Facebook Now Offers Live Video to Group of U.S. iPhone Users
December 8, 2015
Facebook is introducing its tool for sharing live video to a small group of U.S. iPhone users, four months after it was initially debuted by several celebrities and public figures. It differs from its closest competitors, Meerkat and Twitter’s Periscope and Meerkat, in that the videos are only available to a small group of approved viewers, and replay videos are automatically saved and permanently visible. Facebook positions its video feed as ideal for personal and family events, rather than the breaking news featured on other sites.
According to The Wall Street Journal, “Facebook’s news feeds are now filled with videos, including clips that automatically play,” and “it’s been a gold mine.” The Facebook user creates a live stream as a status update, tapping an icon where he would add a photo or tag a person. Facebook shows how many people are following a video, and allows real-time commenting, and the ability to subscribe to a feed. The person posting the video can also delete it.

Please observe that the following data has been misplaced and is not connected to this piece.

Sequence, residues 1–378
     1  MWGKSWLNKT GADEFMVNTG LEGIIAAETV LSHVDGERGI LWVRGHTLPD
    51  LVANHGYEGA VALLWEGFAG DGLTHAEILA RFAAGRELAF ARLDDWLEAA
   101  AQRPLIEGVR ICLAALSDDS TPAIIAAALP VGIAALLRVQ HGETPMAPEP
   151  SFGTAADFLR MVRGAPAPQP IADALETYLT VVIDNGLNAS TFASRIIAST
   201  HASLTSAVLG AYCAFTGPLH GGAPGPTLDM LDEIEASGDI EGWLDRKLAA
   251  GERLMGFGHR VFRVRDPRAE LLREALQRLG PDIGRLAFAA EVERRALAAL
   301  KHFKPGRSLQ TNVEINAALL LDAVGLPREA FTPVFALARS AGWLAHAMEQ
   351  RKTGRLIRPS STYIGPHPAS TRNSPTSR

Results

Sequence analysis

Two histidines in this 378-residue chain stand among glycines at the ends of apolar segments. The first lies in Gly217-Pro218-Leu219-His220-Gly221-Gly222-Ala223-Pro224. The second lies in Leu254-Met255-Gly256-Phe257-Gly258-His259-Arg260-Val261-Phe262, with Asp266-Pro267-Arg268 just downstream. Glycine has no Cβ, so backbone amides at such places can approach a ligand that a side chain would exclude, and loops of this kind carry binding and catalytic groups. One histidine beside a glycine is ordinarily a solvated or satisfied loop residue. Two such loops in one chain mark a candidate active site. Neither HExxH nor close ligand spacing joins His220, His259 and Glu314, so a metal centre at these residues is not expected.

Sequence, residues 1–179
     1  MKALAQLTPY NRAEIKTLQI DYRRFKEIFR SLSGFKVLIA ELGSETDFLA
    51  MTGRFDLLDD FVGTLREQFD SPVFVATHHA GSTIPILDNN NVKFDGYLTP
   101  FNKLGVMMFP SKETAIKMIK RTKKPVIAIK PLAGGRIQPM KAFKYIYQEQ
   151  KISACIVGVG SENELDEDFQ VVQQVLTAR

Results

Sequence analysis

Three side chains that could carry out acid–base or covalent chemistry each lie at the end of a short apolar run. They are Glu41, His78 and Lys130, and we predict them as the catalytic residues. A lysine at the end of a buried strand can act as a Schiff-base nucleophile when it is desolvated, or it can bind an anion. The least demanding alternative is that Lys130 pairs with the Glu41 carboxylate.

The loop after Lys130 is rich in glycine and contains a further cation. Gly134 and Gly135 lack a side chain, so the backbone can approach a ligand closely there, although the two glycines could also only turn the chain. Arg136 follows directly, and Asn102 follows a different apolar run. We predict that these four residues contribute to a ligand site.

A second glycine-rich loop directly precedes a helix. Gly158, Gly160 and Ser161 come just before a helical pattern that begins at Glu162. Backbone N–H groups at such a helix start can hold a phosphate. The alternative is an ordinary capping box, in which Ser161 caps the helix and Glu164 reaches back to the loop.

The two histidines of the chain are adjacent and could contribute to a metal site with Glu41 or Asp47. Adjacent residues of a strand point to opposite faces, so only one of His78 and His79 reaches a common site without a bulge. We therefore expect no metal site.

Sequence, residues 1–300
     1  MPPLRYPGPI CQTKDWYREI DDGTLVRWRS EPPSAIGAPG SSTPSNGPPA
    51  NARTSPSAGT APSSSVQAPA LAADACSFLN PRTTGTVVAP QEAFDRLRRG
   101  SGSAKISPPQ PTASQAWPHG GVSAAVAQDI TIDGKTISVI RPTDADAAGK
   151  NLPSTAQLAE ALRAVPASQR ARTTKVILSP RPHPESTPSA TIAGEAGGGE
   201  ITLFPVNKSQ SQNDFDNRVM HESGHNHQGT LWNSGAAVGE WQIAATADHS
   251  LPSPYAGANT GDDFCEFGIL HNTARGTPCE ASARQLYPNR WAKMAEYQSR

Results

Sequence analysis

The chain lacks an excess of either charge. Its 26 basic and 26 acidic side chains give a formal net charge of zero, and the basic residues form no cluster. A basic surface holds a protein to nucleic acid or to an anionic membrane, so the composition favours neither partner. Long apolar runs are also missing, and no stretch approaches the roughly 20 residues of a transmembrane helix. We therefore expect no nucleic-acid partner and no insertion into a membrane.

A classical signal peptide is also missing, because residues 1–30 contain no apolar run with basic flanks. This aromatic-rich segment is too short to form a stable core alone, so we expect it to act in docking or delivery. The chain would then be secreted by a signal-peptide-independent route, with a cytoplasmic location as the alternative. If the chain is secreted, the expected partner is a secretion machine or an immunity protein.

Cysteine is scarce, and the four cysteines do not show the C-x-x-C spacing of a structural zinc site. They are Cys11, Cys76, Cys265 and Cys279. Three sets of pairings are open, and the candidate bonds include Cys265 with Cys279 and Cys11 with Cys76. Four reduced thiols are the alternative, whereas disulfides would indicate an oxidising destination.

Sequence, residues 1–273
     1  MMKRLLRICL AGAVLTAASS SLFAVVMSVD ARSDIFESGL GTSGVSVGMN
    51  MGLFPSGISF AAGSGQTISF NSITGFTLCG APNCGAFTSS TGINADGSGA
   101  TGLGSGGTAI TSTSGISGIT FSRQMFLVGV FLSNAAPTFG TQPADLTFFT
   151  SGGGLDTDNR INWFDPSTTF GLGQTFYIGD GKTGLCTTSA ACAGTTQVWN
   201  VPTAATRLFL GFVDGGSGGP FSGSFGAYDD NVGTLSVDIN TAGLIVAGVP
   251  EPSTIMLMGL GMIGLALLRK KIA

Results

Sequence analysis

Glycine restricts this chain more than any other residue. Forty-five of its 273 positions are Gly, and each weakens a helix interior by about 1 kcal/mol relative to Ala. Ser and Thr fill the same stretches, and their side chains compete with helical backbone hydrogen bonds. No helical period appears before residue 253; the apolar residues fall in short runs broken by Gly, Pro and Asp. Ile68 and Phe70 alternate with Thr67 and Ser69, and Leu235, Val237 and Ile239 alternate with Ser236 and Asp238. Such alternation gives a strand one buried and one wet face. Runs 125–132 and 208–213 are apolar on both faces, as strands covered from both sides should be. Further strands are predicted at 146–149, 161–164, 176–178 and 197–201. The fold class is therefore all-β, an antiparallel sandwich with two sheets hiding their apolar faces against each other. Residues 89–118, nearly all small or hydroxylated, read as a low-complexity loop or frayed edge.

TechCrunch reports that product managers Vadim Lavrusik and Thai Tran called the expansion of Live as part of Facebook’s push “to help friends and family feel like they’re in the moment with you.” Facebook also debuted Collages, another new sharing format that lets the user post multiple photos and videos as tiles, with options to resize each white-bordered tile. Collages is now available for iOS and will be available for Android next year.
“Both Live and Collages show Facebook’s willingness to adopt whatever sharing mediums are popular in order to stay relevant, no matter whether it’s criticized for copying,” says TechCrunch, which notes that Facebook is also testing a new drop-down menu that lets the user choose between different content types.
“Facebook is betting that putting Live broadcasting and viewing abilities where people already spend more time on mobile than anywhere else will let it leap-frog Twitter.” Meanwhile, however, Periscope’s popularity has turned it into a verb meaning “to mobile live stream.”
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